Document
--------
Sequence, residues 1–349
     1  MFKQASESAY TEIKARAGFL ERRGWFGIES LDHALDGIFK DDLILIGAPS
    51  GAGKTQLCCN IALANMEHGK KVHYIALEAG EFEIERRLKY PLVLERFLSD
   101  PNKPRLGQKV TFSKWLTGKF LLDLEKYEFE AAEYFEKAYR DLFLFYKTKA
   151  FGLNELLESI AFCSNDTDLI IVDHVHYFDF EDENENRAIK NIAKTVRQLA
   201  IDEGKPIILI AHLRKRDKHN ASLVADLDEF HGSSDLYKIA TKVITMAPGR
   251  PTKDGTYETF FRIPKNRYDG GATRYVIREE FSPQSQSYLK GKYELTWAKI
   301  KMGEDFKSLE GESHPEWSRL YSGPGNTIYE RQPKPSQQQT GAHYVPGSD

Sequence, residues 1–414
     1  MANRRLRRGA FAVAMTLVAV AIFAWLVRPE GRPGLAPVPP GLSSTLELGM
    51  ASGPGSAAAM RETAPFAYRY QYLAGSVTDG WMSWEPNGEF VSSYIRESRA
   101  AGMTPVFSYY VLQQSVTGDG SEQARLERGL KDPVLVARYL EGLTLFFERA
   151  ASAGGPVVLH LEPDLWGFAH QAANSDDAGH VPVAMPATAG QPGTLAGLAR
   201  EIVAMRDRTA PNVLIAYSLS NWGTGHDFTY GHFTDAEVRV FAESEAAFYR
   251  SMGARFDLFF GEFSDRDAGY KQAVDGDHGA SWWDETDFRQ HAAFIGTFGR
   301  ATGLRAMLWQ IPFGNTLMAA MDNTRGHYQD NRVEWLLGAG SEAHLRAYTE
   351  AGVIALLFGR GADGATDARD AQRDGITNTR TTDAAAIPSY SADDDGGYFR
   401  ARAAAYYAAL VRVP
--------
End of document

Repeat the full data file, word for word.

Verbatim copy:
Sequence, residues 1–349
     1  MFKQASESAY TEIKARAGFL ERRGWFGIES LDHALDGIFK DDLILIGAPS
    51  GAGKTQLCCN IALANMEHGK KVHYIALEAG EFEIERRLKY PLVLERFLSD
   101  PNKPRLGQKV TFSKWLTGKF LLDLEKYEFE AAEYFEKAYR DLFLFYKTKA
   151  FGLNELLESI AFCSNDTDLI IVDHVHYFDF EDENENRAIK NIAKTVRQLA
   201  IDEGKPIILI AHLRKRDKHN ASLVADLDEF HGSSDLYKIA TKVITMAPGR
   251  PTKDGTYETF FRIPKNRYDG GATRYVIREE FSPQSQSYLK GKYELTWAKI
   301  KMGEDFKSLE GESHPEWSRL YSGPGNTIYE RQPKPSQQQT GAHYVPGSD

Sequence, residues 1–414
     1  MANRRLRRGA FAVAMTLVAV AIFAWLVRPE GRPGLAPVPP GLSSTLELGM
    51  ASGPGSAAAM RETAPFAYRY QYLAGSVTDG WMSWEPNGEF VSSYIRESRA
   101  AGMTPVFSYY VLQQSVTGDG SEQARLERGL KDPVLVARYL EGLTLFFERA
   151  ASAGGPVVLH LEPDLWGFAH QAANSDDAGH VPVAMPATAG QPGTLAGLAR
   201  EIVAMRDRTA PNVLIAYSLS NWGTGHDFTY GHFTDAEVRV FAESEAAFYR
   251  SMGARFDLFF GEFSDRDAGY KQAVDGDHGA SWWDETDFRQ HAAFIGTFGR
   301  ATGLRAMLWQ IPFGNTLMAA MDNTRGHYQD NRVEWLLGAG SEAHLRAYTE
   351  AGVIALLFGR GADGATDARD AQRDGITNTR TTDAAAIPSY SADDDGGYFR
   401  ARAAAYYAAL VRVP